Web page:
Shirky isn’t arguing that we need to save newspapers to preserve journalism — we just need to preserve journalism. And there’s the rub.
The Pulitzer Prizes were awarded to some outstanding journalists today. Long before the awards were announced, several of the reporters had already been interviewed about how they chased down difficult, complex stories that made a difference:
Poynter’s Mallary Jean Tenore interviewed Daniel Gilbert about how he found the time at a small newspaper to uncover and master a complicated story no one had noticed. “During 13 months of reporting on a story that had been largely left untold, he found that lingering conflicts over the ownership of coal-bed methane gas meant thousands of owners weren’t getting paid for the use of their property. Instead, Virginia had funneled millions of dollars in royalty payments into an escrow fund that owners couldn’t access without first clearing significant legal hurdles,” Tenore wrote. Gilbert explains how he did it.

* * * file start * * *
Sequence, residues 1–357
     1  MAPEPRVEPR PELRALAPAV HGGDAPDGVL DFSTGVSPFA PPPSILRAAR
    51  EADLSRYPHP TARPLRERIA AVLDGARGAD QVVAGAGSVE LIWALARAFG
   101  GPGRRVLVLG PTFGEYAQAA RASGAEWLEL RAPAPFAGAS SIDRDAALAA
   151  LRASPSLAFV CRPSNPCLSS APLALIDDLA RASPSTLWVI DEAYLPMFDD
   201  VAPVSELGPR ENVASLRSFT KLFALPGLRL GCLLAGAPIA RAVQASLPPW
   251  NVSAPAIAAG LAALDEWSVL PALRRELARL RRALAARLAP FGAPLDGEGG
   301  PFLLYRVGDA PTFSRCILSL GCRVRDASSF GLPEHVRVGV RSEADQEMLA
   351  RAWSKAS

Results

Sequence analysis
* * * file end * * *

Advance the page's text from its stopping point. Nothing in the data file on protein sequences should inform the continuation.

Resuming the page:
Bruce Shapiro at the Dart Center for Journalism and Trauma interviewed Sheri Fink, a reporter for ProPublica who wrote a 13,000-word narrative about how patients died at a New Orleans hospital that was isolated after Hurricane Katrina.
I had recently blogged about Rosland Gammon’s interesting Q&A with investigative reporter Raquel Rutledge of the Milwaukee Journal Sentinel, who uncovered rampant fraud in a $350 million, taxpayer-subsidized child-care program. Her series of stories, Cashing in on Kids, led to criminal charges against the scammers.
A video profiling Rutledge offers a glimpse at the tedious grunt work required to get the story. Rutledge relied on insiders with access to key documents, and she staked out people who were abusing the system.